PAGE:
California wildfires could drive up costs for local wine buyers

Many local wineries import grapes from California, along with growing their own

The remains of burned bottles of wine are seen at the Signorello Estate winery Tuesday, Oct. 10, 2017, in Napa, Calif. Worried California vintners surveyed the damage to their vineyards and wineries Tuesday after wildfires swept through several counties whose famous names have become synonymous with fine food and drink.
The remains of burned bottles of wine are seen at the Signorello Estate winery Tuesday, Oct. 10, 2017, in Napa, Calif. Worried California vintners surveyed the damage to their vineyards and wineries Tuesday after wildfires swept through several counties whose famous names have become synonymous with fine food and drink. (AP Photo/Eric Risberg)


BERLIN CENTER, Ohio (WKBN) – As wildfires race through Northern California, thousands of acres of wine country have been damaged and destroyed. 

For many wineries around the country, they rely on those vineyards for their products.

Many local wineries import grapes from California, along with growing their own, specifically grapes used to make dry red wines.

Luckily for wineries, harvesting happened early this year and the majority have finished their California grape purchases.

The trouble doesn’t end when the wildfires do, though.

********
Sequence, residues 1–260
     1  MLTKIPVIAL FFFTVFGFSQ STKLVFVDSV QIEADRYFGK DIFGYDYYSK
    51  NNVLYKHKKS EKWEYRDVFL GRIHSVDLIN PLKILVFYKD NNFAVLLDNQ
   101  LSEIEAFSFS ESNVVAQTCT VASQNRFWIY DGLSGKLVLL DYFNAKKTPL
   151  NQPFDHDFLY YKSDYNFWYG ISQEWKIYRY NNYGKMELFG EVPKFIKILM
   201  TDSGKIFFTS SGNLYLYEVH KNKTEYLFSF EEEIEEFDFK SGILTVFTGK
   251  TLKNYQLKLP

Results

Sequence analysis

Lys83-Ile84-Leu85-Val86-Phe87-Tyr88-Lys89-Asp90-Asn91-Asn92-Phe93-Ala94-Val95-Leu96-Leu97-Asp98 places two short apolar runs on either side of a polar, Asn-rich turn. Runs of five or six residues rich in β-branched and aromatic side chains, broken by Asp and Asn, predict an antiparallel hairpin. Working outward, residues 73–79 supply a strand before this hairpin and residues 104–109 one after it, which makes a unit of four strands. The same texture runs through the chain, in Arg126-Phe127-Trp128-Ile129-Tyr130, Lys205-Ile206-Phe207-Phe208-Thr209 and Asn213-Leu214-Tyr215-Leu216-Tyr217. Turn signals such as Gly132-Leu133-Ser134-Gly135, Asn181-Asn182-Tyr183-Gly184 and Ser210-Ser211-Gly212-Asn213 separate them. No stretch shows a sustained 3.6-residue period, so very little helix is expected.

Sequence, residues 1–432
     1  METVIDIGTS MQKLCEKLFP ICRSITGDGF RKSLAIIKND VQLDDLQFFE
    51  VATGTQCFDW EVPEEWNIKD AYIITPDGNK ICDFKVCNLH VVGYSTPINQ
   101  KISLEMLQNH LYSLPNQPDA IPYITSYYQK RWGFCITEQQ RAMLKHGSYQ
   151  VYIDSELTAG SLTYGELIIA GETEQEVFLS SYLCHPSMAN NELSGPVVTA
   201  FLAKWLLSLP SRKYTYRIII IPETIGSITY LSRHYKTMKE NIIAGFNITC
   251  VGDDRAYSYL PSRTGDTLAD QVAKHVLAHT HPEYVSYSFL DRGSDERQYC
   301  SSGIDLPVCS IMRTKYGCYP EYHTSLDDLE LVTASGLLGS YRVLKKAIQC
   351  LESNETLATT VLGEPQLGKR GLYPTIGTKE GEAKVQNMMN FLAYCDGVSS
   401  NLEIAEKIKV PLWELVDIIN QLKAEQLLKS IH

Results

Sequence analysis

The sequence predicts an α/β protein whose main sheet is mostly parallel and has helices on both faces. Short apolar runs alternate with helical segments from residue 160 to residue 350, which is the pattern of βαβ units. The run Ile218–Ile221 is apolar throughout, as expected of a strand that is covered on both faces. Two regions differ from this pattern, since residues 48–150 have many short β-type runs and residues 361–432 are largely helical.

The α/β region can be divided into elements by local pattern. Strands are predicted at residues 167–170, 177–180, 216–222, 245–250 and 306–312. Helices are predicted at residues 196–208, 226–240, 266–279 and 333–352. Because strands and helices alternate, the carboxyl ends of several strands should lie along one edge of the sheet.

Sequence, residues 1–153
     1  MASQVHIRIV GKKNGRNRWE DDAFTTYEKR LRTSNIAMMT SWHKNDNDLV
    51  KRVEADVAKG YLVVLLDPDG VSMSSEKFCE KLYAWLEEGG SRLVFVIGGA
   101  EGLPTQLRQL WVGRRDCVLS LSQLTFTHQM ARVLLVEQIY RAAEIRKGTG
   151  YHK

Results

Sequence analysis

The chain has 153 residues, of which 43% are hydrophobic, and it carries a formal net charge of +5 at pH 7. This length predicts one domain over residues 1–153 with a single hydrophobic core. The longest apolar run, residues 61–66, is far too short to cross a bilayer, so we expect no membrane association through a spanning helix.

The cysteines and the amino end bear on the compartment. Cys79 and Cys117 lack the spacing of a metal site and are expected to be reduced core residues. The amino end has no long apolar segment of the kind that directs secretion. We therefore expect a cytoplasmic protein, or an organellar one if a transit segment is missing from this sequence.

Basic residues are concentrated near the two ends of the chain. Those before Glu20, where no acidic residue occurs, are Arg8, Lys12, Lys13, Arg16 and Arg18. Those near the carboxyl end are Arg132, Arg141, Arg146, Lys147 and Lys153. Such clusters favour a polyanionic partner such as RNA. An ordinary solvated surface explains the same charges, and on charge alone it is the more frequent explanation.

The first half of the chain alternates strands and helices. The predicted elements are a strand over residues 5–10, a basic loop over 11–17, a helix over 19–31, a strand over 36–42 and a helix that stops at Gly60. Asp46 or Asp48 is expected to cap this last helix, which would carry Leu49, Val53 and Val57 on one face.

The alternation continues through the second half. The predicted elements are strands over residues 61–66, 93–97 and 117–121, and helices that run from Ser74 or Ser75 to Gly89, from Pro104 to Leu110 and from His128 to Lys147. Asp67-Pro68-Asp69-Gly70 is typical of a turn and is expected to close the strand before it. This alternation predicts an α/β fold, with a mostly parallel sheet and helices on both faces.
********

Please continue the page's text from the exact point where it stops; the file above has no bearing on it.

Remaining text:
Local winemaker Dan Mastropietro said the coming season will be when we see the grape shortages. If vineyards out west do decide to replant, it could take up to five years to yield any grapes from newly-planted vines.

Mastropietro said that could leave local wine buyers seeing the effects.

“Lack of quantity of any item, the price always goes up, so the grape price will go up, obviously. The price of the bottle will go up,” he said.

Mastropietro said grapes that weren’t destroyed in California could also be bought up by wineries out there looking to rebuild. Grapes that survived the fires run the risk of having a smokey flavor in them.

Those smokey grapes are unusable for wine.

Mastropietro hasn’t spoken with his particular broker about their grapes so he won’t know the full extent of the damage until the wildfires stop.

The burned remains of the Signorello Estate winery are seen Tuesday, Oct. 10, 2017, in Napa, Calif. Worried California vintners surveyed the damage to their vineyards and wineries Tuesday after wildfires swept through several counties whose famous names have become synonymous with fine food and drink.
The burned remains of the Signorello Estate winery are seen Tuesday, Oct. 10, 2017, in Napa, Calif. Worried California vintners surveyed the damage to their vineyards and wineries Tuesday after wildfires swept through several counties whose famous names have become synonymous with fine food and drink. (AP Photo/Eric Risberg)

 

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